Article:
Despite a major oil price crash on Monday, oil prices are now on course to close out the week more or less unchanged.
Friday, July 23rd, 2021
The news of OPEC+ bringing back withheld production in August 2021, following through with 400kbpd monthly increments over the remainder of this year, triggered a spectacular tumble in oil prices earlier this week. Despite pandemic-related risks surging in Southeast Asia and U.S. crude inventories rising for the first time since May, the second half of the week saw a surprising rebound as the market has grown to realize that additional OPEC+ supply would be offset by recovering global demand.
Venezuela Buys Diluents Again. The VLCC Rene discharged a cargo of condensate in Venezuela’s main export terminal of José, previously used by PDVSA to dilute extra-heavy Orinoco barrels to create transportable and refinable blends. The origin of the cargo is unknown, the supertanker’s last port of call was in Sri Lanka.
Iberdrola Might Spin-Off Wind Business. The Spanish wind energy giant Iberdrola (BME:IBE) is considering a spin-off of its wind business to raise funds, it said when presenting H1 2021 results this week. Beyond its traditional markets in Europe, Iberdrola has been increasing its presence in the Asia Pacific region, going after new markets like Vietnam, Korea, or Vietnam.
Germany-US Agree on Nord Stream-2 Deal. The White House will scrap sanctions targeting the nearly completed Nord Stream 2 gas pipeline that would bring Russian gas into Germany, in return for Berlin’s pledge to ensure Gazprom (MCX:GAZP) does not fully cut off transit via Ukraine.
Coal Prices Surge to Highest Level in More than Decade. Decreasing Chinese domestic production, unrest in South Africa, and weak hydro generation across the continent have pushed Asian coal prices to their highest level in 13 years, with Newcastle thermal coal FOB prices flirting with the $150 per metric ton threshold, double of what it was in early May.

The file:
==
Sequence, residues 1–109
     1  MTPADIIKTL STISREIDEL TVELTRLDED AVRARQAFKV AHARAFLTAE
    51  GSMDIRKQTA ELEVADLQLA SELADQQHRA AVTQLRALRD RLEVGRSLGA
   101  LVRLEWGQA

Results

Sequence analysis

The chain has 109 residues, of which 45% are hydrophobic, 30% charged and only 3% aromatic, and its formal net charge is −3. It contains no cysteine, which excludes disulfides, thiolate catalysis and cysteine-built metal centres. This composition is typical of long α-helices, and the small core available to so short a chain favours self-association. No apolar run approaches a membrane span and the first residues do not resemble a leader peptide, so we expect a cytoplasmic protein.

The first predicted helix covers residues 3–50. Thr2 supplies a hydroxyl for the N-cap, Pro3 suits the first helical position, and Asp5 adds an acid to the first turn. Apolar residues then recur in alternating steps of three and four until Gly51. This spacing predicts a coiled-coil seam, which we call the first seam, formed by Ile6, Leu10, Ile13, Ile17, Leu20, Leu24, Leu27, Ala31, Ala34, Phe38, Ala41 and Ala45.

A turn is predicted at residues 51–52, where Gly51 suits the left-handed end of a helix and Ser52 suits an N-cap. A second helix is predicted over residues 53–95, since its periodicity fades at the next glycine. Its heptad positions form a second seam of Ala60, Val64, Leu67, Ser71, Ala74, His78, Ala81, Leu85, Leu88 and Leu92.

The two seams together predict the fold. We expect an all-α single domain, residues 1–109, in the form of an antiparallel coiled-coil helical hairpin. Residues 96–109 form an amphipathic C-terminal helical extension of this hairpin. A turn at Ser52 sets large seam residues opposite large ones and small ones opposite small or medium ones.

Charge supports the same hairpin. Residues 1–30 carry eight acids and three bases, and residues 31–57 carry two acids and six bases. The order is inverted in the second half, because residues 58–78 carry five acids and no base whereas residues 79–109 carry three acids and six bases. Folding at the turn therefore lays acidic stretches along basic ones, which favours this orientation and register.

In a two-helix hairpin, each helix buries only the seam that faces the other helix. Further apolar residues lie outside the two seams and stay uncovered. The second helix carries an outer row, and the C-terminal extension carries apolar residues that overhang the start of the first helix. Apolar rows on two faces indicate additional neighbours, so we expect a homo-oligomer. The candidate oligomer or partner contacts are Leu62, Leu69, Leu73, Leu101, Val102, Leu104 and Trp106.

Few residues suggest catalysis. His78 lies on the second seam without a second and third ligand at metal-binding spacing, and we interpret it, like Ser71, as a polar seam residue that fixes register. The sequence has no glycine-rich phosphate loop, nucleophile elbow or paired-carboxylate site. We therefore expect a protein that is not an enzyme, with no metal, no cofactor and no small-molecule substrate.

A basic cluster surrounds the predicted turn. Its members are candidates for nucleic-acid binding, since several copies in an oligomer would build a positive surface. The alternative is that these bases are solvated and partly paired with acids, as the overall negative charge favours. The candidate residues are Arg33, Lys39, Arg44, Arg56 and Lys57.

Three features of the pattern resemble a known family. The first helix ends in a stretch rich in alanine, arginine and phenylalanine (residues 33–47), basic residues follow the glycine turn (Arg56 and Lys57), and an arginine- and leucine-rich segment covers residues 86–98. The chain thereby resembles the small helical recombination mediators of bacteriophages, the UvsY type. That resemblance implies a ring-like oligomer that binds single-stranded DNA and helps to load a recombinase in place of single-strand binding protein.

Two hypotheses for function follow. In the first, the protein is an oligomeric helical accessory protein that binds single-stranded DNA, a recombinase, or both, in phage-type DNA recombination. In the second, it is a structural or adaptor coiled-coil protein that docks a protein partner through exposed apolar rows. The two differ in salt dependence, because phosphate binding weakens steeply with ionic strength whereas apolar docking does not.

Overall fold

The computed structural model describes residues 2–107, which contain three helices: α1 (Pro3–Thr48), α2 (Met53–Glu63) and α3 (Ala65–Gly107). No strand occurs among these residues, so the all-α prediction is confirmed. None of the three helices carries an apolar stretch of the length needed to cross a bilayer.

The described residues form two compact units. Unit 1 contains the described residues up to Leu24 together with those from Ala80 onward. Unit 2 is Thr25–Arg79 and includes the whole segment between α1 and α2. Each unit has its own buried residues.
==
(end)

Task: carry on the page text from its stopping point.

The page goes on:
Tesla Patents New Lithium Extraction Method. Tesla Motors (NASDAQ:TSLA) has filed a patent on a new lithium extraction method from ore using sodium chloride, a more environmentally friendly way of getting lithium, avoiding the usage of acid leaching. According to Tesla officials, the new method might lead to a 33% reduction in lithium cost.
India Seeks to Commercialize Crude Stocks. India has decided to commercialize half of its strategic reserves to encourage private participation in its SPR – companies would have the option to re-export 1.5 million tons of crude stored at SPR sites if Indian companies refuse to buy it. ADNOC remains the only oil major to commit to SPR participation in India.
TAP Fails the Expansion Test. The 10 BCm per year TAP pipeline that brings Azeri gas to Turkey and Europe failed to trigger any shipping interest as no binding bids were submitted for potential capacity bookings, stoking concerns that the European case for further gas conduits was overblown.
Iran Inaugurates Jask Terminal. Iranian officials claimed the new crude export terminal at Jask began operations on Thursday, even though no vessel-tracking data was able to spot a ship alongside the jetties. The 300kbpd capacity Jask will supplement Iran’s main export port at Kharg Island. Related: U.S. Shale Sees Light At The End Of The Tunnel